Give your phone to your mum. Or switch it off. Set specific times at which you will pick up the phone or log on to the computer and for how long you will use it and stick to that. But make sure it is not after just half an hour as breaking your concentration that often so quickly will not get you anywhere.

Know your biological clock

Our bodies follow a circadian cycle which controls our bodily functions, such as body temperature, heart rate, hormone secretion and sleep pattern. Thus there are different times of the day when we function at our best and when we just can’t do any mental or challenging work.

So determine how your body clock runs and see at what time you can get the best out of your brain. Some people are more alert in the morning and some people study best at night when the world is asleep, while some people can’t keep their eyes open after a good meal.

So know your best time to study when your cognitive functioning, such as decision-making and memory, are at their peak and utilise it for studying, particularly memorising and learning. For most people, this optimal time is in the morning.

Stay hydrated

Eating well during exams is something that is talked about a lot, but not much focus is given to the need to drink water to stay hydrated when studying.

A study published in the Journal of Nutrition found a link between “mild dehydration, so subtle that you don’t really feel it,” and lack of concentration. According to the study co-author Dr Harris Lieberman, a psychologist, “When the brain detects even the smallest changes in physiology, it may begin operating at a suboptimal level to get your attention. Thirst is not the best measure of hydration, so a decrease in your ability to focus is an early warning signal that it’s time to drink up.”

With summer fast approaching and all the important exams usually falling during the hot summer months here, keeping ourselves hydrated with the right kind of drinks, such as fresh juices and water, not carbonated drinks, is very important. It is a good idea to keep a water bottle on your study table and take sips every now and then.

Take measured breaks

A study conducted at the University of Illinois actually advocates for scheduled study breaks to improve focus and attention. It is no secret that after doing something for a long time, a person loses interest and their performance declines. This has been described as “vigilance decrement” by experts and they suggest taking a short break in the middle of a long task to re-energises the brain.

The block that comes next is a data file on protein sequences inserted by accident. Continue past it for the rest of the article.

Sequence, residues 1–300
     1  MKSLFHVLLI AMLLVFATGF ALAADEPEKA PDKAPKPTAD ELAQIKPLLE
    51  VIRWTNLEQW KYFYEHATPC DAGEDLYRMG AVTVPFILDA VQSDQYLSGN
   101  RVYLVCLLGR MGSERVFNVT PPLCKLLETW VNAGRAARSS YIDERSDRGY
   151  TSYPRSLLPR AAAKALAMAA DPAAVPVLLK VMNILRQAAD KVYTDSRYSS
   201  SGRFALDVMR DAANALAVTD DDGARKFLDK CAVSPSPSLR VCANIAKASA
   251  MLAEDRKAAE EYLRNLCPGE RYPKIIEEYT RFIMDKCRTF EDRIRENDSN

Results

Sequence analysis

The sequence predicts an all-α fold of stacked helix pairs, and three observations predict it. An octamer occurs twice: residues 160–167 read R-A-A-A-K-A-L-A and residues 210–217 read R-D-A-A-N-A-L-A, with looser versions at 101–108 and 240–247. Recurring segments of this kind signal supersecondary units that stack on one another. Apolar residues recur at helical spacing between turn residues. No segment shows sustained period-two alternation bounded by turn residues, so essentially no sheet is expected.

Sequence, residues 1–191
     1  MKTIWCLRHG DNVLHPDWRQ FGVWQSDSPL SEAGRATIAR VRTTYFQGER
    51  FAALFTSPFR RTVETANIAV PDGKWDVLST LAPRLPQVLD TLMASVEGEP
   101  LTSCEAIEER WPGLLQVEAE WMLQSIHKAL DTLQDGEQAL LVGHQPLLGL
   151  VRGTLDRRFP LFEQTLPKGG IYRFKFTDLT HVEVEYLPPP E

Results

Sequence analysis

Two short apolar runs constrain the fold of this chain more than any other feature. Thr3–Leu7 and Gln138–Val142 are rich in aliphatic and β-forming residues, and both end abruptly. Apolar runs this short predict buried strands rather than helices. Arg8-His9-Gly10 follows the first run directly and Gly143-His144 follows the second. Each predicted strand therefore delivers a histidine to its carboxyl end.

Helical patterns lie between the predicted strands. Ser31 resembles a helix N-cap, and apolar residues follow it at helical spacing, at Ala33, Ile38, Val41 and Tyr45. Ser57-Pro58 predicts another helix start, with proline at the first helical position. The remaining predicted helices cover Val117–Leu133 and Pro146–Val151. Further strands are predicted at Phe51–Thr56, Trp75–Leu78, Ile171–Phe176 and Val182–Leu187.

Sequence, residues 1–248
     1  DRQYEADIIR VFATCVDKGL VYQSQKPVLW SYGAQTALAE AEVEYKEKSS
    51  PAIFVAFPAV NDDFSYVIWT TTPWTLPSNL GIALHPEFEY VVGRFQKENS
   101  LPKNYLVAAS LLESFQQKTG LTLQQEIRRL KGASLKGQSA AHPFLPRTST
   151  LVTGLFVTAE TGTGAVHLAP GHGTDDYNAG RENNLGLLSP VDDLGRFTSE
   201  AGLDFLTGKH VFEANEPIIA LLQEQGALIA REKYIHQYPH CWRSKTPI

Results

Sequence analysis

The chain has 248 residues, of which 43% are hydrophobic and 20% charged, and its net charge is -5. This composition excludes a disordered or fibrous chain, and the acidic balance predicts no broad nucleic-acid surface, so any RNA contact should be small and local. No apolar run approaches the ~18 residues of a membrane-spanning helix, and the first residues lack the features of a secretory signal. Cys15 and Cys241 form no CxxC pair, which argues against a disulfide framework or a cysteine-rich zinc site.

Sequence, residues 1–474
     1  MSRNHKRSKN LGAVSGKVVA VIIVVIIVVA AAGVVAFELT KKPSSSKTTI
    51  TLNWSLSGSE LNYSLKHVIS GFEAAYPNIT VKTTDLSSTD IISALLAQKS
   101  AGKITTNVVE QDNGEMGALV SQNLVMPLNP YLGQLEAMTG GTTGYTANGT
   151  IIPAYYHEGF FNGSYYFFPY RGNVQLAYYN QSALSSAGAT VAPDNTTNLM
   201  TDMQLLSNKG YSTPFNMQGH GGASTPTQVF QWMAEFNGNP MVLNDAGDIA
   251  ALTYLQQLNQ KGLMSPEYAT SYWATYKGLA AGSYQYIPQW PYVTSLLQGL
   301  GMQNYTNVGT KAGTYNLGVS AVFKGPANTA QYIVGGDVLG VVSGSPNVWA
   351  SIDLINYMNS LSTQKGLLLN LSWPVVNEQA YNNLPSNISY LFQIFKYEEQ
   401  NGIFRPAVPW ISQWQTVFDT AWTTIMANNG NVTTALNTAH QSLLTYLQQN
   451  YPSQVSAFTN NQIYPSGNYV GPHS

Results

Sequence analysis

University of Illinois psychology professor Alejandro Lleras, who is behind the study suggests, “From a practical standpoint, our research suggests that, when faced with long tasks (such as studying before a final exam or doing your taxes), it is best to impose brief breaks on yourself. Brief mental breaks will actually help you stay focused on your task!”

Exercise for concentration

Being physically active and fit has a good effect on the brain and so many experts suggest that those who are in good physical condition performed better on tasks that required sustained attention.

So while many students are tempted to avoid all sports and outdoor activities during exam time, it is actually beneficial that they indulge in some kind of physical activity and exercise regularly to improve their energy levels and brain function.

According to Dr John Ratey, author of Spark — The Revolutionary New Science of Exercise and the Brain, “Exercise improves your brain in the short-term by raising your focus for two to three hours afterwards.”

Exercise also releases endorphins, known as “nature’s mood elevator”, which in turn improves memory.

Before and during exams, all students try to study and deliver their best, but those who plan well and chose to study in a way that is more productive are able to attain the results they desire. These tips are simple and something everyone can follow easily, you just have to discipline yourself. Good luck!

Published in Dawn, Young World, February 22nd, 2020